Words matter. When someone is reading an advert for your board role, they should be able to gather an impression of your values and culture, understand what kinds of skills, experiences and perspectives you are looking for and figure out whether they would be a good fit.
Is that happening? Are they getting a good impression of you and your board? From our research, often the answer is sadly, no. We’ve advertised thousands of vacancies and we regularly hear from candidates who for one reason or another have felt put off by the wording of Non-Executive Director adverts.
So, here’s five examples of wording that we know candidates find off-putting.
1) “regardless of…” For example “Applications are encouraged regardless of age, disability, sex, gender reassignment, sexual orientation, religion and/or belief, marriage and civil partnership and pregnancy and maternity”. To many this sends a message that you are welcome in spite of your [insert characteristic]. This is equivalent to saying “we don’t see colour”. Even if meant with good intentions, it shows a lack of recognition of the benefits of having people from different backgrounds on your board and a lack of awareness of the advantages and disadvantages faced by different communities. If you recognise certain communities have, to date, been discriminated against, you’ll recognise they may need additional consideration, support or encouragement to consider joining your board.
Very simply changing the words “regardless of” to “from people of all backgrounds, including” the message changes and suddenly a person with a disability reading the advert knows they are not just welcome in spite of having a disability, but actually because they have a disability.
2) “We welcome applicants from those we know are underrepresented on our board”. You’ve put all the onus on the candidates to work out what types of people are under-represented on your board. And let’s face it, even if your board members are visible on your website, very few of their attributes will be visible from a quick glance. People might make assumptions on gender, or ethnicity, but will they be able to spot that all the board members are from similar socio-economic backgrounds or all have similar professional backgrounds?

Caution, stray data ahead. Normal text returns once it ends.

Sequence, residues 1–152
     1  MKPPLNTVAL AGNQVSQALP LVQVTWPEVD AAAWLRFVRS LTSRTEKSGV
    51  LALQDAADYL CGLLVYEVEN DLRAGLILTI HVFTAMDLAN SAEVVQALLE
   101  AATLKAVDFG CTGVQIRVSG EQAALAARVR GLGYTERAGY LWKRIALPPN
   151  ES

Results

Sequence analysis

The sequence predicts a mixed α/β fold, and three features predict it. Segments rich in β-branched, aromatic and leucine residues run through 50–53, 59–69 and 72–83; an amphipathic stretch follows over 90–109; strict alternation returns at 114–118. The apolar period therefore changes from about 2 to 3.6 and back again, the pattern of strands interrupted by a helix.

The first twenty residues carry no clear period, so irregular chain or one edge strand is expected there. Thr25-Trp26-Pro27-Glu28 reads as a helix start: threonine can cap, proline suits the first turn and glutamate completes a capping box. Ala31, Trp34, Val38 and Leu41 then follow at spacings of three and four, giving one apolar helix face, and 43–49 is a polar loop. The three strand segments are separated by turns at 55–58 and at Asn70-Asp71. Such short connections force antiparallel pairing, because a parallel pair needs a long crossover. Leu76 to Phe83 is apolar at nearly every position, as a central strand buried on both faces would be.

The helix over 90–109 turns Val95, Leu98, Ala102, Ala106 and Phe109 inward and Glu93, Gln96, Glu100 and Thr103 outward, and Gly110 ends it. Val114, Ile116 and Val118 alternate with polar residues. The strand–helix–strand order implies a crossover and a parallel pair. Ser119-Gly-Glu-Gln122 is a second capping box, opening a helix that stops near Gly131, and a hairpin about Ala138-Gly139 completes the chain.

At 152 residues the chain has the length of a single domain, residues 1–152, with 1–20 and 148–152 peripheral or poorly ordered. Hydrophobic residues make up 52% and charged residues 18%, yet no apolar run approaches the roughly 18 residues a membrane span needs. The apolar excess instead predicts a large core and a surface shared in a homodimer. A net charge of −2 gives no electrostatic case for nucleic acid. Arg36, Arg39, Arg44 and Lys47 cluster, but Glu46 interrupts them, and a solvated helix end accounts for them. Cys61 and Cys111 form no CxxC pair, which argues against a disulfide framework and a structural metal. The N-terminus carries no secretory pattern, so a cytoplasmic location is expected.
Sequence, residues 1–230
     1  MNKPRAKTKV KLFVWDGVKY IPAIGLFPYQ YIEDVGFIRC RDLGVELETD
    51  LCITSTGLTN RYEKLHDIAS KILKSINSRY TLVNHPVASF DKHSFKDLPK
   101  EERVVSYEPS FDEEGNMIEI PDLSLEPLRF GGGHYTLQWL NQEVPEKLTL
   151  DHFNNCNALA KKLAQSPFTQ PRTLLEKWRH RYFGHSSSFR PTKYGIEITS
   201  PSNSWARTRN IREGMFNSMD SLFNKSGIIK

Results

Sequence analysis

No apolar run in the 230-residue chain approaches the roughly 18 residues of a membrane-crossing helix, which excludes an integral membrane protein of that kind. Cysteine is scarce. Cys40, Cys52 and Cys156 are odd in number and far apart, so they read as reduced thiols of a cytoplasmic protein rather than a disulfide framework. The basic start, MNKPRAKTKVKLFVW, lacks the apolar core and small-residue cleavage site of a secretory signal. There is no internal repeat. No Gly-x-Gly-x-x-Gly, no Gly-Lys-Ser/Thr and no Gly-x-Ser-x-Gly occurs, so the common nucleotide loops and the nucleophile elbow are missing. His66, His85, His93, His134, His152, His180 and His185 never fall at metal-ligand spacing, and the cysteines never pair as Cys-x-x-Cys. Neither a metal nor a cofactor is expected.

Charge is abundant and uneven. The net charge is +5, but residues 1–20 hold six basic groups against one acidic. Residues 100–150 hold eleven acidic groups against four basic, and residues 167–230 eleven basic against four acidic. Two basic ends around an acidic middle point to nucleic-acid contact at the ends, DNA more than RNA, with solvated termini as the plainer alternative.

Explain which areas you know you are under-represented in. And don’t just mention diversity characteristics; also mention skills (e.g. tech), experiences (e.g. working in start-ups), perspectives (e.g. the generational mix). You may not find someone who addresses all those areas, but you’re certainly going to encourage more of those candidates to feel genuinely encouraged to apply.
3) “We want to improve the diversity of our board”. Without any explanation of why, this statement can seem like an empty box ticking exercise.
Try saying it in your own words. Why are you trying to improve the diversity of your board? To improve representation/ understanding of one or more of your stakeholder groups (e.g. customers, employees…)? To avoid groupthink? To become more creative?…
4) [Say nothing] and just hope diverse people apply. This happens more than you’d think. We’ve even spoken to search firms who have been specifically asked to encourage applications from candidates with certain diversity characteristics, but haven’t mentioned that on their advert for fear that they will publicly fail to deliver.
Be honest. If you want to improve the mix on your board then say so! It will encourage applications from those groups and ensure that you don’t end up with a tokenistic process where you are choosing between a relatively small number of people.
5) “We are looking for candidates with senior experience”. “Senior experience” is incredibly vague. It means very different things to different people. Many candidates have a lot of preconceived notions of what types of people can be Non-Executive Directors: perhaps, for example, retired CEOs. They might count themselves out because of their own definition of ‘senior experience’ when they’d be exactly the type of person who could bring a lot of value to your board. For example, a CTO (Chief Technology Officer) of a start-up might bring tremendous value to your board, but might count themselves out as they think “senior experience” means an executive in a large corporation.
Use precise wording. If you want someone who is accustomed to strategic decision making, or someone who has managed teams of more than 50 people, or a budget of more than £Xm, say so. If however, you have a board of ex-CEOs with c. 40 years career experience each, then say that you welcome people who have the ability to support strategic top level decision making, but are earlier on in their careers and will perhaps bring a different generational perspective.
Want more positive tips on how to advertise your board role to encourage under-represented groups to apply? Read our blog here.
If you’d like our help with your advert wording, get in touch at email@example.com.